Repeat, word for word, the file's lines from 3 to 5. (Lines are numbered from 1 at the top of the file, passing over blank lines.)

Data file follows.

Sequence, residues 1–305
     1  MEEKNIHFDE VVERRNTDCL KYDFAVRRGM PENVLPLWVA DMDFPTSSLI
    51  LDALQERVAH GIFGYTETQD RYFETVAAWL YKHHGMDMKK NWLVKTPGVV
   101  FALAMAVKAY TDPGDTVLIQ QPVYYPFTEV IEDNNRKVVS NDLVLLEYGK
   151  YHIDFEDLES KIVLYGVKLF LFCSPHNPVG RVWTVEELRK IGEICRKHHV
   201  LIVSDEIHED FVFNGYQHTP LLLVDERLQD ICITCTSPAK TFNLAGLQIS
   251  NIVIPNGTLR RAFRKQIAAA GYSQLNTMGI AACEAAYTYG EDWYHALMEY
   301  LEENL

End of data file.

    51  LDALQERVAH GIFGYTETQD RYFETVAAWL YKHHGMDMKK NWLVKTPGVV
   101  FALAMAVKAY TDPGDTVLIQ QPVYYPFTEV IEDNNRKVVS NDLVLLEYGK
   151  YHIDFEDLES KIVLYGVKLF LFCSPHNPVG RVWTVEELRK IGEICRKHHV